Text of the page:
5 ways to experience Beijing like a local

Posted on 29 March 2016

 Hostels - Beijing


Travel writer Esme Fox spent years regularly visiting the Chinese capital. If you’re heading off to a Beijing hostel, her tips will help you get under the skin of this fabulous, frantic city.

So you’re backpacking in Beijing. You’ve walked the Great Wall, explored the Forbidden City and marvelled at the Temple of Heaven and now you want to discover a more local side to the Chinese capital. My family lived in Beijing for seven years, and during the many times I visited them, I learned just how to find these local experiences. Make sure you put these five on your list…

1. Enjoy tea the Chinese way

Tea is a big deal in China, so a Chinese tea experience is a must. Don’t make the mistake of falling into a well-known scam artist trap however, where someone on the street will invite you along to a ceremony – you’ll end up paying a fortune. Instead, do as the locals do and go to a tea shop (or even a tea mall) where you can browse the shelves for your favourite brews and enjoying tastings during tea ceremonies. The three-storey Taiyanggong Tea Market, near subway station of the same name, is a great option.

2. Relax in the hot springs

Not many people know that within the city of Beijing itself there are many hot springs, ideal for relaxing those weary backpackers’ muscles. During winter especially, the hot springs are filled with local families, who spend all day there, bathing, playing board games, eating, sleeping or simply just hanging out. At the hot springs at Chun Hui Yuan – one of my favourite places – you can bathe in tubs of red wine, green tea or jasmine flowers.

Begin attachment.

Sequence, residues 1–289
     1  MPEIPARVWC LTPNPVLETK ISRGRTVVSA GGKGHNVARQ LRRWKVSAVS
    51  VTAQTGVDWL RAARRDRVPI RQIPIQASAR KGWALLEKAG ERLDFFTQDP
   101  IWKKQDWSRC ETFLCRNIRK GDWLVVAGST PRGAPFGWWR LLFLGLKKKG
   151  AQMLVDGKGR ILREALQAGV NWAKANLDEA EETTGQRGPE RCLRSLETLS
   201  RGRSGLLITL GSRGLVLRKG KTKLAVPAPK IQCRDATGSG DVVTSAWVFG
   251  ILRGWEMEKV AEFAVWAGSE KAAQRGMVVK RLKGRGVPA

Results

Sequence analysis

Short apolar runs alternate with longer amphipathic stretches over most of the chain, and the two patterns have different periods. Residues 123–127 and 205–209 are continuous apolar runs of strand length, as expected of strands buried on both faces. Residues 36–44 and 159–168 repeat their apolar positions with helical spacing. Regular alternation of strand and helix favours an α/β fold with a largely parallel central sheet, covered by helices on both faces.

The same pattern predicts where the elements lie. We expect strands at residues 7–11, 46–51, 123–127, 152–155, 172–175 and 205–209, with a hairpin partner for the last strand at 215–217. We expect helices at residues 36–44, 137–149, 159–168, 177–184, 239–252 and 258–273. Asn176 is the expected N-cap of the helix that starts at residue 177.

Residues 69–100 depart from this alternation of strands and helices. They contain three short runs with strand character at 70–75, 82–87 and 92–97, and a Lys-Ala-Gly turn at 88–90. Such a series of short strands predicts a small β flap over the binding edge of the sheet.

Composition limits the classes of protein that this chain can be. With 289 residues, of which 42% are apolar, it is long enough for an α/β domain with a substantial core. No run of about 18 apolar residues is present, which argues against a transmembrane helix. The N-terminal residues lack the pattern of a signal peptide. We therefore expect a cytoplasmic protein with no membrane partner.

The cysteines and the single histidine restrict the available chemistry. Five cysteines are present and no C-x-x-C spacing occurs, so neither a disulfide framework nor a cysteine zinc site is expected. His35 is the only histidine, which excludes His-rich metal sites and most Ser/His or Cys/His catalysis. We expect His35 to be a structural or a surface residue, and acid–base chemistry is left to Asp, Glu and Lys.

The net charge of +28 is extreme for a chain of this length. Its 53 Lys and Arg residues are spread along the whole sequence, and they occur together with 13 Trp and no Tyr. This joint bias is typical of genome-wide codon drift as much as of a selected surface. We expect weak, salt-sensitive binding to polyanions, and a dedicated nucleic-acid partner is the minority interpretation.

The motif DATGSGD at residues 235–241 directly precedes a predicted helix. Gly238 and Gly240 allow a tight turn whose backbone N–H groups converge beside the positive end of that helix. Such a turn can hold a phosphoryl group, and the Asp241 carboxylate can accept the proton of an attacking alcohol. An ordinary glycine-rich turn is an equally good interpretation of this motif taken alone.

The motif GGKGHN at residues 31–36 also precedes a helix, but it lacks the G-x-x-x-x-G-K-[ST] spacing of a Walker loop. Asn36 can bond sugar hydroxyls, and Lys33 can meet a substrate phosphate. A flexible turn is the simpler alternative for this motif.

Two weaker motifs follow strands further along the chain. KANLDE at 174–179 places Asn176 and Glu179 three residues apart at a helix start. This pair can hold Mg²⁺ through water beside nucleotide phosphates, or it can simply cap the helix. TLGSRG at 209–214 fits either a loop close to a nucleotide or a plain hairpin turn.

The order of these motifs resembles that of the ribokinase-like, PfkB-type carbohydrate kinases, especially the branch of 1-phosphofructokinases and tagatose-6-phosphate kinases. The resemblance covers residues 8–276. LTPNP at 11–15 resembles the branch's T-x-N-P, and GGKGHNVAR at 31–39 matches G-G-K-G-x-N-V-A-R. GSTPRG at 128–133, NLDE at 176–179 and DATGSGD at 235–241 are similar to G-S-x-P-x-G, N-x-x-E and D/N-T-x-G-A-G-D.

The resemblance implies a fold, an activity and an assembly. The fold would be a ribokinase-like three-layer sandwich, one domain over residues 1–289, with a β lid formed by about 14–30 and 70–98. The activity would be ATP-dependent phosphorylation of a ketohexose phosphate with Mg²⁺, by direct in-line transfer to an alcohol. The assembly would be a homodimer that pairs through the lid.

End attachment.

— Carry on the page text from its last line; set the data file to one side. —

3. Hunt treasures at the Panjiayuan Antique Market

Instead of spending a lazy Sunday morning in the hostel dorm, wake up at the crack of dawn with the locals to search for the best bargains at what is affectionately known as the ‘Dirt Market’. This is also the place people come to get their chops made – personalised seals carved from stone, metal or bamboo.  

4. Explore the 798 Art District

The 798 Art District is where Beijing’s hip youth come to hang out – think Beijing’s answer to London’s Camden Market, but without the crowds and hordes of tourists. Filled with cutting edge art galleries, quirky boutiques, funky cafes and amazing street art, it offers a completely different view of the Chinese capital.

5. Hang out in the park

The parks are where life happens in Beijing. Whether you want to practice your tai chi or fan dancing, learn to play a musical instrument or gather your friends for a game of mahjong, you’ll find it all in the open air. Needless to say, they are a great place for people watching too – admiring the skills of those practicing circus tricks or playing jianzi (Chinese hacky sack), observing the men who take their birds in cages to hang out in the trees, and listening to impromptu opera singing sessions.